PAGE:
Thursday 22 February 2018

'Mega Monday' splurge by online shoppers

Clothing and footwear are set to make up the bulk of the deliveries, according to a report compiled by Barclays.
Clothing and footwear are set to make up the bulk of the deliveries, according to a report compiled by Barclays.

Mark Hilliard

IRISH retail sales may be down but consumers here are expected to spend €257m in online purchases in the run up to Christmas -- more than their European counterparts.

Yesterday was 'Mega Monday' -- the busiest online shopping day due to people ordering in time to get delivery before Christmas -- and some 82pc of Irish shoppers were expected to spend online.

That would amount to an average of €155 each according to the research conducted by Visa Europe.

However, retailers are still hoping the decision to defer the 2pc VAT increase until January will boost Christmas sales, as new figures show shoppers are still unwilling to dip into their pockets.

Data released by the Central Statistics Office (CSO) yesterday showed that the amount of money people spent in shops in October had fallen by 3.7pc on the same month last year.

Retail Excellence Ireland (REI) called it a "bleak" scenario while the Irish Small and Medium Enterprises Association (ISME) said the retail sector was now "hanging by a thread".

ISME chief executive Mark Fielding said that with both volume, the amount of goods sold; and value, the amount spent, down 3.8pc and 3.7pc respectively on last year, the Government needed to protect the industry.

The CSO figures illustrated the continuing decline in consumer spending.

While the amount of goods being sold seems to have stabilised with a slight increase of 0.1pc in October compared to September, this is not a significant rise and, overall, they have fallen 3.8pc over the past year.

The actual value of retail sales is down 3.7pc on this time last year.

However, with the exclusion of the motor trade, they are down 2.8pc.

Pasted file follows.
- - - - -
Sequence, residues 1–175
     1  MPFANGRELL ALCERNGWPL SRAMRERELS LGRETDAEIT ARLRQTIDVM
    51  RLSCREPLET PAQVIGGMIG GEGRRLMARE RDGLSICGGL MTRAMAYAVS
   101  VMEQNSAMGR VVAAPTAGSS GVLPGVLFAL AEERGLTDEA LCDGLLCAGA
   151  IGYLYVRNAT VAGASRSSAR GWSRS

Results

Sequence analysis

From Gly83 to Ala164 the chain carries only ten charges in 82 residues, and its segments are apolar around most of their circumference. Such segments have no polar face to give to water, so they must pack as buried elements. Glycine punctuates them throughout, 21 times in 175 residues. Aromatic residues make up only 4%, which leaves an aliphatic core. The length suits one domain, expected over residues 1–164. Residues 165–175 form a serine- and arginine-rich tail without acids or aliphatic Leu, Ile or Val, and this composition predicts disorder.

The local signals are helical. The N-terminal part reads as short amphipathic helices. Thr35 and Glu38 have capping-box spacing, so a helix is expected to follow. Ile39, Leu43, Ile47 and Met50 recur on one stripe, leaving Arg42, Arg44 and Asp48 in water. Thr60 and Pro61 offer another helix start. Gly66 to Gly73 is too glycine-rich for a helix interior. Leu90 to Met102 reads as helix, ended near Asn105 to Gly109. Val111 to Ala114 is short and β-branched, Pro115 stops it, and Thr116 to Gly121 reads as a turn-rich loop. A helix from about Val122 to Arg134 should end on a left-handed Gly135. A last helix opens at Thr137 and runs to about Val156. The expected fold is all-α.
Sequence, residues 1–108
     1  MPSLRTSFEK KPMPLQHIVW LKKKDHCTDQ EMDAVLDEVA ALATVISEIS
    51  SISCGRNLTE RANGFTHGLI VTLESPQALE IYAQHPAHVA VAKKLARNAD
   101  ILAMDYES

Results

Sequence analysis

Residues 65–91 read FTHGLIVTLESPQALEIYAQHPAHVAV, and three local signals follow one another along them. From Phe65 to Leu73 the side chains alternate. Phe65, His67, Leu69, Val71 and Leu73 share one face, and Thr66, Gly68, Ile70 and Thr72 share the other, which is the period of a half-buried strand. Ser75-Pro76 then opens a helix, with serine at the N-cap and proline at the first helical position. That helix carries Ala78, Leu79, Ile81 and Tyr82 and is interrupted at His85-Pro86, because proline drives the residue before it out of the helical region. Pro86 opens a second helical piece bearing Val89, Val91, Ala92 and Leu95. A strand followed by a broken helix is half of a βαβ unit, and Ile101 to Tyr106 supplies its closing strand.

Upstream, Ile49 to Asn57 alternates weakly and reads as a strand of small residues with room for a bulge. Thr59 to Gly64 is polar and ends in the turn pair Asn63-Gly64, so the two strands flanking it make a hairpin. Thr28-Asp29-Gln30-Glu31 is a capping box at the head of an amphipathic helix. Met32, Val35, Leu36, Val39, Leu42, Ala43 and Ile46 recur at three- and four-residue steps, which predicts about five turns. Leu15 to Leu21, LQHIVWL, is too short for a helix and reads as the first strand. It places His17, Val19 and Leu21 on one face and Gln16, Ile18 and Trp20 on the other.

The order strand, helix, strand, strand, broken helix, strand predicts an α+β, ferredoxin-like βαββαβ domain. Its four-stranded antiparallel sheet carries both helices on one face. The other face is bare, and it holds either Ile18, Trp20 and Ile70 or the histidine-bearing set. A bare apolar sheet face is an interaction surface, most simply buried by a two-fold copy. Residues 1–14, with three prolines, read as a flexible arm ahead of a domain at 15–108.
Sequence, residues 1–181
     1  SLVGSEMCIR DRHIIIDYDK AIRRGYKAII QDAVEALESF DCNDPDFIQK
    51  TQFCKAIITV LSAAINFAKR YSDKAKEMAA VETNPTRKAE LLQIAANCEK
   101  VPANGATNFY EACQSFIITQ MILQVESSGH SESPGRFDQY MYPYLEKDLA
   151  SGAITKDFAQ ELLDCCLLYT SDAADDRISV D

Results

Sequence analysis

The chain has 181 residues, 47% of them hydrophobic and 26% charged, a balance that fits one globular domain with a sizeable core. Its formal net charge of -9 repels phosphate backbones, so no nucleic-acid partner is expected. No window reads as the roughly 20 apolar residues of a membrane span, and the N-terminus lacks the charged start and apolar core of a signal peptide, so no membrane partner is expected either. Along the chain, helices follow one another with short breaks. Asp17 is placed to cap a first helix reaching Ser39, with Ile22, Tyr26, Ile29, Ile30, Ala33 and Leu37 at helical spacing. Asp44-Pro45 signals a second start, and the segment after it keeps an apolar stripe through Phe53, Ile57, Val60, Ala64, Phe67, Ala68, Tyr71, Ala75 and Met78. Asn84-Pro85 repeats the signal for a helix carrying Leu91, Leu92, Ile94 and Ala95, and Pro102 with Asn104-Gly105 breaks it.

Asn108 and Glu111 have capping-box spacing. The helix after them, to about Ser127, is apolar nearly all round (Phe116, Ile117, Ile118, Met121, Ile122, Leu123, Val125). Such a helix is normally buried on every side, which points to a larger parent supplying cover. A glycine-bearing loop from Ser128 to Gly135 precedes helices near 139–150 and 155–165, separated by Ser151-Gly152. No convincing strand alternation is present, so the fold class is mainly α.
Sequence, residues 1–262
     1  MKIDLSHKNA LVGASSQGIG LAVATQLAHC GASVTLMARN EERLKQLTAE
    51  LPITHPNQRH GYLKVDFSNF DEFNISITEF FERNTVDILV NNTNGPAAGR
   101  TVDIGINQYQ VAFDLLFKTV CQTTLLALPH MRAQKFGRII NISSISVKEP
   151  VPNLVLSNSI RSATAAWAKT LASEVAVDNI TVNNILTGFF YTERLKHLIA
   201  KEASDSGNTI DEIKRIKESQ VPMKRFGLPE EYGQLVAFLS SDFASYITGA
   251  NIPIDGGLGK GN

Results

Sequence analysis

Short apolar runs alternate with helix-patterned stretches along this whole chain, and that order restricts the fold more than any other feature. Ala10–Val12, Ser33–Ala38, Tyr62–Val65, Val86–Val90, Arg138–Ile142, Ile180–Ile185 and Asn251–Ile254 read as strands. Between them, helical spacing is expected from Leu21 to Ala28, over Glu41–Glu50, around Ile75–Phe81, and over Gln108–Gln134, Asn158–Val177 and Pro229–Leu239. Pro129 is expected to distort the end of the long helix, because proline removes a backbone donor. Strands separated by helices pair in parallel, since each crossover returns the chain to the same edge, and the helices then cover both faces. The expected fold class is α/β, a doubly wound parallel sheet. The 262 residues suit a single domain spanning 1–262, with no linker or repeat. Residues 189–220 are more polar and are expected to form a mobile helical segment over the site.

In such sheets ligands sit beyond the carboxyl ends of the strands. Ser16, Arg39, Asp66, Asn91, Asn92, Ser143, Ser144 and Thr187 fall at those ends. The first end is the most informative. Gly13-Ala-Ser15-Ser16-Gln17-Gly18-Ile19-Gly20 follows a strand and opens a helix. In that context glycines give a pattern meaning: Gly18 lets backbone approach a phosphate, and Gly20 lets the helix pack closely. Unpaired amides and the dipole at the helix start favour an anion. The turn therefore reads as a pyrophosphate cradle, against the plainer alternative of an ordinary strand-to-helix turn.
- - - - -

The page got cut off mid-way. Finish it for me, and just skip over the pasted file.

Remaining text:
Sales figures are typically calculated both with and without the car industry in order to give a truer sense of general retail figures.

The big losers, over the past year, include the motor trade (-6.9pc), department stores (-7.9pc), food, beverage and tobacco sales (-4.8pc), clothing footwear and textiles (-8pc) and books, newspapers and stationery sales (-13.6pc).

David Fitzsimons, chief executive of REI, which represents some 8,500 stores, pointed out that the continuing decline in sales had now entered its 44th consecutive month.

"The situation was bleak in all retail sectors -- from fashion to groceries to jewellery and hardware," he said.

"Retailers will be hoping that the traditional jump in sales in December will be boosted this year by the Government's decision to defer the 2pc rise in VAT until January."

Meanwhile, ISME chief executive Mark Fielding said: "It is absolutely essential that no new additional taxes, including VAT increases and excise duties, are introduced in the upcoming Budget."

"(This) would have the impact of undermining consumer confidence, further reducing demand and driving thousands of shoppers across the Border," he said.

The government was also criticised for its failure to tackle 'upward only' rent reviews which condemn many shopkeepers to high, often unaffordable rates as well as a failure to introduce the Retail Strategy Group to address various issues including wages, rates and energy costs in the sector.

Irish Independent

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